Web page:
This week, tech news gave us a glimpse into the future and what privacy concerns and new standards of surveillance our society is heading towards. From making private confessions public to preparing the next generation for a future without online privacy, this week’s headlines indicate that our digital lives are becoming more public, whether we like it or not.
Here is our roundup of this week’s rDigital News:
What happens when a homicide confession goes viral
“My name is Matthew Cordle and on June 22, 2013, I hit and killed Vincent Canzani.”
That was the shocking confession from a 22-year-old Ohio native Mathew Cordle, posted to YouTube, September 3, 2013. Within 48 hours, the video—produced by the “because I said I would” organization—went viral and has since been seen by more than 2.6 million people.
Where is the line between personal contrition and public spectacle?
Mark Zuckerberg takes on Obama and the NSA
This past Thursday, Mark Zuckerberg decided that online surveillance has gotten out of hand and it is time to do something about it. So, he called up Obama.
According to a post from the Facebook founder’s official page, Zuckerberg phoned the President and voiced his concern that the U.S. government’s NSA program is damaging our future as a connected society and reform to privacy laws is taking far too long.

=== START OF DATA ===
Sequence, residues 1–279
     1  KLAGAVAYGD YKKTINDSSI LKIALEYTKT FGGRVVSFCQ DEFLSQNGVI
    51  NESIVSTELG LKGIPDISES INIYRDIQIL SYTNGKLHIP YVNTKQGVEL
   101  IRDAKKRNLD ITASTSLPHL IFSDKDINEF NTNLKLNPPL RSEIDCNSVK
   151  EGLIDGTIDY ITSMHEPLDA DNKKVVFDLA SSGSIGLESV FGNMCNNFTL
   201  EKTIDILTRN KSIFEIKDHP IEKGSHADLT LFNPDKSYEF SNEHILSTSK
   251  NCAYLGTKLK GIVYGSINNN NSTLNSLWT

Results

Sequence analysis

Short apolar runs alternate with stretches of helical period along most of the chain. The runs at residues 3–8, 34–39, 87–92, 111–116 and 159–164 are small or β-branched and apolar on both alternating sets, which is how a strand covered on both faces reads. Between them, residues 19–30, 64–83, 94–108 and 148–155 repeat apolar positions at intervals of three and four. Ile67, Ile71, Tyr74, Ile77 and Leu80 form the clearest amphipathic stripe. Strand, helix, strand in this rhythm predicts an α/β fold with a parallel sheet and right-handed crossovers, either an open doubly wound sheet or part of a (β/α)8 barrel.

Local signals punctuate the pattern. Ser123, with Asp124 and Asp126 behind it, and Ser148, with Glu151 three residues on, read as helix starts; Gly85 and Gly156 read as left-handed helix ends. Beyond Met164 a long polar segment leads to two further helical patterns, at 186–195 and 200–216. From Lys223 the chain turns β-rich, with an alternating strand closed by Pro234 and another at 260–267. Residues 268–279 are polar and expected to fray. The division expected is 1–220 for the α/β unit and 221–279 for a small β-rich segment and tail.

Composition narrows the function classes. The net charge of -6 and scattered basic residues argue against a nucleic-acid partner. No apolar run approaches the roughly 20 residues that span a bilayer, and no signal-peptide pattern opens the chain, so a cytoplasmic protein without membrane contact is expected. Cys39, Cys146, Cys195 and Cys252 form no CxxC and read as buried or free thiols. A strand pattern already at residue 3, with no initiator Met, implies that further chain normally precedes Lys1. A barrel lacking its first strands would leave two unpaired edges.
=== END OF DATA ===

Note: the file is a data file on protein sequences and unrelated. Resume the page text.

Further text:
“The internet is our shared space. It helps us connect. It spreads opportunity. It enables us to learn. It gives us a voice. It makes us stronger and safer together. To keep the internet strong, we need to keep it secure,” writes Zuckerberg.
While the social network founder’s concerns are valid, some media called him out on the fact that Facebook has had a history of privacy issues and makes user data available to allow advertisers to target their ads.
Social media privacy being taught in schools
Back in my day, our “social network” referred to the group of friends that we saw at school, parties and soccer games, but for today’s generation, these terms have taken on a whole new meaning. Children are growing up in a digitally connected world and while technology offers up new and exciting opportunities for the future, it also presents new challenges for keeping kids safe.
In the same way that children are taught not to speak to strangers, they now have to learn best practices for interacting online, according to a recent survey by MediaSmarts. CBC news covered this story, speaking to teachers, students and experts about the concerns for keeps growing up in our digital age.
As Ramona Pringle discovered in our recent Walrus TV privacy series, we are no longer in “The Age of Innocence“: